Part 1. Conceptualizing Human Sexuality and Sexual Behavior CHAPTER 1. Sexuality and an Emerging Psychology 1.1. Richard von Krafft-Ebing, from Psychopathia Sexualis, trans. Franklin S. Kaf "The sublimest virtues, even the sacrifice of self, may spring from sexual life, which, however, on account of its sensual power, may easily degenerate into the lowest passion and basest vice." 1.2. Sigmund Freud, from "The Sexual Enlightenment of Children," in Ernest Jones, ed., The Collected Papers of Sigmund Freud, vol. 2 "The intellectual interest of a child in the riddle of sexual life, his desire for knowledge, finds expression at an earlier period of life than is usually suspected." 1.3. Havelock Ellis, from Studies in the Psychology of Sex, vol. 1, 3rd ed. "[M]asturbation is but a specialized form of a tendency which in some form or in some degree normally affects not only man, but all the higher animals." CHAPTER 2. Breakthroughs in Understanding Sexuality 2.1. Alfred C. Kinsey, Wardell B. Pomeroy, and Clyde E. Martin, from Sexual Behavior in the Human Male "It is obvious that the failure to learn more about human sexual activity is the outcome of the influence which the custom and the law have had upon scientists as individuals, and of the not immaterial restrictions which have been imposed upon scientific investigations in this field." 2.2. Alfred C. Kinsey et al., from Sexual Behavior in the Human Female "All of these youth, the great lovers of history, would be looked upon as immature adolescents and identified as juvenile delinquents if they were living today." 2.3. William H. Masters and Virginia E. Johnson, from Human Sexual Response "The current study of human sexual response has been designed to create a foundation of basic scientific information from which definitive answers can be developed to these multifaceted problems." CHAPTER 3. Mechanisms of Sexual Arousal 3.1. Erick Janssen and Walter Everaerd, from "Determinants of Male Sexual Arousal," Annual Review of Sex Research "Sexual arousal may! be described as a response to stimuli that have been ascribed sexual meaning." 3.2. Ellen Laan and Walter Everaerd, from "Determinants of Female Sexual Arousal: Psychophysiological Theory and Data," Annual Review of Sex Research "In our perspective, sexual arousal cannot be defined adequately without subjective experience that determines the response to a given stimulus as sexual." CHAPTER 4. The Social Contexts of Sexual Conduct 4.1. John H. Gagnon and William Simon, from Sexual Conduct: The Social Sources of Human Sexuality "Our concern here is to understand sexual activities of all kinds! as the outcome of a complex psychosocial process of development, and it is only because they are embedded in social scripts that the physical acts themselves become possible." 4.2. Samuel S. Janus and Cynthia L. Janus, from The Janus Report on Sexual Behavior "Especially in regard to sexuality, our most personal and private sphere, each of us likes to believe that our experiences are unique and are an integral part of our personalities." 4.3. Robert T. Michael et al., Sex in America: A Definitive Survey "Now, with an understanding of what the data can and cannot tell us, and with reliable data in hand, we can begin to understand how society shapes our sexual behavior." Part 2. Probing the Nuances of Gender CHAPTER 5. The Concepts of Gender Identity and Gender Role 5.1. John Money and Patricia Tucker, from Sexual Signatures: On Being a Man or a Woman "The fact is that there are not two roads, but one road with a number of forks where each of us turns in either the male or the female direction." 5.2. Robert J. Stoller, from Presentations of Gender "I told 'her' to become a boy. 'She' did. From that day on, I was with a boy." 5.3. Florence L. Geis, from "Self-Fulfilling Prophecies: A Social Psychological View of Gender," in Anne E. Beall and Robert J. Sternberg, eds., The Psychology of Gender "From the social psychological perspective, gender beliefs and behavior can be understood as an overall self-fulfilling prophecy consisting of a cluster of related and mutually reinforcing specific self-fulfilling prophecies." CHAPTER 6. Liberation from Gender Stereotypes 6.1. Betty Friedan, from The Feminine Mystique "We can no longer ignore that voice within women that says: 'I want something more than my husband and my children and my home.'" 6.2. Warren Farrell, from The Liberated Man: Beyond Masculinity: Freeing Men and Their Relationships With Women "Men's involvement in breaking out of the strait jacket of sex roles is essential because of the way it confines men at the same time as it confines women." 6.3. Naomi B. McCormick, from "Our Feminist Future: Women Affirming Sexuality Research in the Late Twentieth Century," Journal of Sex Research "Feminist sexologists also study sexual pleasure, promote sex-positive attitudes, and affirm positive benefits to women from sex work and erotica." Part 3. Sexual Orientation and Its Origins CHAPTER 7. Destigmatizing Same-Gender Sexual Orientation 7.1. Evelyn Hooker, from "Reflections of a 40-Year Exploration: A Scientific View on Homosexuality," American Psychologist "[T]here are many images of love in the gay world. I have the conviction that without love, the gay world would perish." 7.2. Judd Marmor, from "Homosexuality," in Mary S. Calderone, ed., Sexuality and Human Values "In the majority of human societies homosexuality actually has an acceptable place and is regarded with abhorrence or abjured in only about one third of them." 7.3. Alan P. Bell, Martin S. Weinberg, and Sue Kiefer Hammersmith, from Sexual Preference: Its Development in Men and Women "These findings suggest, then, that some of the popular notions about how homosexuality develops are not generally applicable, while others are, but to a lesser extent than has been thought." 7.4. Stephanie A. Sanders, June Machover Reinisch, and David P. McWhirter, from "Homosexuality/Heterosexuality: An Overview," in David P. McWhirter, Stephanie A. Sanders, and June Machover Reinisch, eds., Homosexuality/Heterosexuality: Concepts of Sexual Orientation "Sexual orientation is multidimensional in its essence, and its development is affected by many factors." CHAPTER 8. Rebalancing the Nature-Nurture Equation 8.1. Simon LeVay and Dean H. Hamer, from "Evidence for a Biological Influence in Male Homosexuality," Scientific American "We believe scientific research can help dispel some of the myths about homosexuality that in the past have clouded the image of lesbians and gay men." 8.2. William Byne, from "The Biological Evidence Challenged," Scientific American "Most of the links in the chain of reasoning from biology to sexual orientation and social policy do not hold up under scrutiny." Part 4. Relationships and Sexual Pleasure CHAPTER 9. Legitimizing Sexual Pleasure 9.1. Th. H. van de Velde, from Ideal Marriage: Its Physiology and Technique, trans. Stella Browne "Love-play reaches its maximum in contact with the external sexual organs: for only these external organs are normally in question at this stage of the love-drama." 9.2. Alex Comfort, from The Joy of Sex: A Cordon Bleu Guide to Lovemaking "This book is about love as well as sex as the title implies: you don't get high quality sex on any other basis--either you love each other before you come to want it, or, if you happen to get it, you love each other because of it, or both." 9.3. Lonnie Garfield Barbach, from For Yourself: The Fulfillment of Female Sexuality "You deserve pleasure, but pleasure may be a hard thing to allow yourself to take." CHAPTER 10. The Bonding Process: Loving and Mating 10.1. Robert J. Sternberg, from "A Triangular Theory of Love," Psychological Review "This tripartite theory deals both with the nature of love and with loves in various kinds of relationships." 10.2. Stephen B. Levine, from "'Love' and the Mental Health Professions: Toward Understanding Adult Love," Journal of Sex and Marital Therapy "I consider an understanding about the nature of love to be vitally important." 10.3. David M. Buss, from "The Strategies of Human Mating," American Scientist "Sexual-strategies theory holds that patterns in mating behavior exist because they are evolutionarily advantageous." CHAPTER 11. The Contraception Revolution 11.1. Margaret Sanger, from Margaret Sanger: An Autobiography "Suggestions as to what to do for a girl who was 'in trouble' or a married woman who was 'caught' passed from mouth to mouth--herb teas, turpentine, steaming, rolling downstairs, inserting slippery elm, knitting needles, shoe-hooks." 11.2. Robert A. Hatcher et al., from Contraceptive Technology, 17th ed. "Users themselves should make the decisions about the contraceptives they select, taking into consideration the feelings and attitudes of their partners." CHAPTER 12. The Emergence of Sex Therapy 12.1. William H. Masters and Virginia E. Johnson, from Human Sexual Inadequacy "[T]here is no such thing as an uninvolved partner in any marriage in which there is some form of sexual inadequacy." 12.2. Helen Singer Kaplan, from The New Sex Therapy "Both clinical observation and common sense support the validity of limited goals and the task-specific intervention approach of sex therapy." Part 5. Sexuality, Culture, and Social Policy CHAPTER 13. Confronting Erotocentricity 13.1. Margaret Mead, from Coming of Age in Samoa: A Psychological Study of Primitive Youth for Western Civilisation "In matters of sex the ten-year-olds are equally sophisticated, although they witness sex activities only surreptitiously, since all expressions of affection are rigorously barred in public." 13.2. Clellan S. Ford and Frank A. Beach, from Patterns of Sexual Behavior "Social learning and experience powerfully affect the extent to which a man or woman adopts and enjoys a passive or an active role in the sexual relationship." 13.3. Donald S. Marshall, from "Sexual Behavior on Mangaia," in Donald S. Marshall and Robert C. Suggs, eds., Human Sexual Behavior: Variations in the Ethnographic Spectrum "This selection describes some present and past patterns of the sexual behavior of Polynesian inhabitants of Mangaia, a southern Cook Island in central Polynesia, the South Pacific." 13.4. John C. Messenger, from "Sex and Repression in an Irish Folk Community," in Donald S. Marshall and Robert C. Suggs, eds., Human Sexual Behavior: Variations in the Ethnographic Spectrum "Our study revealed that male masturbation in Inis Beag seemed to be common, premarital coitus unknown, and marital copulation limited as to foreplay and the manner of consummation." CHAPTER 14. Sexually Explicit Materials and Their Regulation 14.1. Michael J. McManus, from Final Report of the Attorney General's Commission on Pornography "Anyone who studies the Report will become equipped to be an effective advocate for enforcement of existing laws against hard core pornography and child pornography." 14.2. Clive M. Davis and Robert Bauserman, from "Exposure to Sexually Explicit Materials: An Attitude Change Perspective," Annual Review of Sex Research "Sexually aroused individuals who react with positive affect to the SEM and who hold more positive inclinations toward masturbation or have a regularly available partner with whom to engage in sexual interaction are more likely to engage in masturbation or a predominant interpersonal sexual behavior." 14.3. Sandra Risa Leiblum, from "Sex and the Net: Clinical Implications," Journal of Sex Education and Therapy "Equally compelling is the fact that netsex can be pursued any time of day or night--the store never closes, and every variety of sexual interest can be cultivated." CHAPTER 15. Sexuality Education 15.1. Mary S. Calderone and Eric W. Johnson, from The Family Book About Sexuality "There are! a number of reasons why today it is widely considered beneficial to children to have available a sex information program outside the home, not to replace but in addition to home teachings." 15.2. Debra W. Haffner, from "Facing Facts: Sexual Health for America's Adolescents: The Report of the National Commission on Adolescent Sexual Health," SIECUS Report "The public debate about adolescent sexuality has often focused on which sexual behaviors are appropriate for adolescents, and ignored the complex dimensions of sexuality." 15.3. Kelly L. Nelson, from "The Conflict Over Sexuality Education: Interviews With Participants on Both Sides of the Debate," SIECUS Report "The work of both groups stems not only from their desire to promote specific sexual ideologies and societal visions but also from their perception that the opposition represents a crucial component in a hostile and encroaching political movement." CHAPTER 16. Sexuality and Disease: Making Sex Safer 16.1. Committee on Prevention and Control of STDs, from "The Hidden Epidemic: Confronting Sexually Transmitted Diseases," SIECUS Report "Public awareness and knowledge regarding STDs are dangerously low, but there has not been a comprehensive national public education campaign to address this deficiency." 16.2. Sarah R. Phillips, from "Turning Research into Policy: A Survey on Adolescent Condom Use," SIECUS Report "Talking about sexual desire and pleasure does not mean that educators are encouraging sexual activity."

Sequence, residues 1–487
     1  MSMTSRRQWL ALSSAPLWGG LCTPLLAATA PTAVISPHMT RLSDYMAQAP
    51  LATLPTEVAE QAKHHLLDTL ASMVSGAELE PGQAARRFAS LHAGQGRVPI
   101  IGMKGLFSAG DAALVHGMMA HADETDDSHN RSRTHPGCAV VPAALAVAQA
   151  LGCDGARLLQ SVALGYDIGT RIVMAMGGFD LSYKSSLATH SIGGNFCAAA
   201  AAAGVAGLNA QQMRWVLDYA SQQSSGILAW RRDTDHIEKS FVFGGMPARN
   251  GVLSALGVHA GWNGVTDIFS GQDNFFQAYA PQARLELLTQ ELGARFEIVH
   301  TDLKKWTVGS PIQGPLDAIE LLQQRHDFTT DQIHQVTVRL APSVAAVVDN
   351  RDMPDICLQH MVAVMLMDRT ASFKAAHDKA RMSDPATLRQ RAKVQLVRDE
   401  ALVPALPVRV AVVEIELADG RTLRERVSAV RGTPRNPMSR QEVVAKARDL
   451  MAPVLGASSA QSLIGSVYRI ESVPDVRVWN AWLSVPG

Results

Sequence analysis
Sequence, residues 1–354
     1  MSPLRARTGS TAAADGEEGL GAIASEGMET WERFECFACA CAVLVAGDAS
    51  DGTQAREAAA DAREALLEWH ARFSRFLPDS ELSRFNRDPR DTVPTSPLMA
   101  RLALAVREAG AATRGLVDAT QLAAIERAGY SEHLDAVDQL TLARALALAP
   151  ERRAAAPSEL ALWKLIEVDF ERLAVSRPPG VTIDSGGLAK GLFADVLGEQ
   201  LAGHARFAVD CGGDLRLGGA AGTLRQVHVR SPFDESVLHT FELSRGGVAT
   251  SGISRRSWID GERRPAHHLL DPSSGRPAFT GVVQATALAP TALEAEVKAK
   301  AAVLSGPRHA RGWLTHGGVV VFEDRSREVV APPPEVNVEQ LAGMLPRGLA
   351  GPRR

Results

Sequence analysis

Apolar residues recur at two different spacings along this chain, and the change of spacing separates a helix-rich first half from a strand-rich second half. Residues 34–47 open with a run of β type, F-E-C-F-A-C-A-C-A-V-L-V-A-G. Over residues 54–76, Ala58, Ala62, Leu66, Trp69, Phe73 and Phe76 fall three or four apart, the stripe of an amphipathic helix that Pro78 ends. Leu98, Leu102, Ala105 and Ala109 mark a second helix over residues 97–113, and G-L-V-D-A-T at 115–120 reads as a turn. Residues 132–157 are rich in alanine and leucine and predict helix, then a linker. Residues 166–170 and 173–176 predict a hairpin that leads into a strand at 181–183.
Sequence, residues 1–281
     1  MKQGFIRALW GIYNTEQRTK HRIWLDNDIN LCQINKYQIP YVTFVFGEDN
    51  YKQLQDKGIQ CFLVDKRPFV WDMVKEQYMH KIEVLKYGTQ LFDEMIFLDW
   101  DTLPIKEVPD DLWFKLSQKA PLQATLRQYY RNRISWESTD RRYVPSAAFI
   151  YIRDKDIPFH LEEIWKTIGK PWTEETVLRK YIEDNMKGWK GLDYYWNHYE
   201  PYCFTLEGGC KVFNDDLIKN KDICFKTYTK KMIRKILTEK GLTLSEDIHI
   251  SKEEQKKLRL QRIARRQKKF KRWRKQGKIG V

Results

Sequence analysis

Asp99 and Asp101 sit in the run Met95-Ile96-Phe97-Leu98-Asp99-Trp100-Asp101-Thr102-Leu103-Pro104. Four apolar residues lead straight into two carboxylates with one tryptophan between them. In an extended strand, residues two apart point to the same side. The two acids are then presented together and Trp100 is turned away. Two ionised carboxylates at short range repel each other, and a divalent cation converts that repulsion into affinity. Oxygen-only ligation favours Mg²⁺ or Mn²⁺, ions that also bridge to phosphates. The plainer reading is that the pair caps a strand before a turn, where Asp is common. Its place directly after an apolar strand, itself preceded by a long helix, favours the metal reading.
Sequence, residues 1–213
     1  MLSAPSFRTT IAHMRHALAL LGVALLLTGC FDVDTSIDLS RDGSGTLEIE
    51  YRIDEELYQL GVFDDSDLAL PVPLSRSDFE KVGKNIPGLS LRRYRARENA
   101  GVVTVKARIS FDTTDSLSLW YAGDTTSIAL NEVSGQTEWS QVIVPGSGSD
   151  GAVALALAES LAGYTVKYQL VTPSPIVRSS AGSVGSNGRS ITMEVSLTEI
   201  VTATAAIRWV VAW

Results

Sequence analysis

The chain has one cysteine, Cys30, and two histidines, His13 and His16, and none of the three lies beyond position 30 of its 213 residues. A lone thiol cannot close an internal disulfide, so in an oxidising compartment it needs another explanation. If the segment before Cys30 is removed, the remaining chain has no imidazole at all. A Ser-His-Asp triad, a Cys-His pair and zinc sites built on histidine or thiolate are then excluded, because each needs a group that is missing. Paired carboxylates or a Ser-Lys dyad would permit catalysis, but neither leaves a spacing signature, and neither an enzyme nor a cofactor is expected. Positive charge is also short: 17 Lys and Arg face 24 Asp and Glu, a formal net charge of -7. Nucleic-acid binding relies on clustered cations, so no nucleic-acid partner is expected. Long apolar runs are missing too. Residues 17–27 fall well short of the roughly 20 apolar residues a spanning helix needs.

Gary F. Kelly has been a sexuality educator for 35 years. He is Vice President for Student Affairs at Clarkson University, where he also teaches the sexuality section of the First Year Seminar and the undergraduate psychology course in human sexuality. He has also been an adjunct faculty member in the counseling and human development program at St. Lawrence University, where he has taught graduate courses in human sexuality. Early in his career, his work with students received national recognition with his election to the board of directors of the Sexuality Information and Education Council of the United States (SIECUS). Kelly served for 8 years as the editor of the Journal of Sex Education and Therapy. Kelly is a member of the American Association of Sex Educators, Counselors, and Therapists and of the Society for the Scientific Study of Human Sexuality. He is also a diplomate of the American Board of Sexology and a clinical fellow of the American Academy of Clinical Sexologists.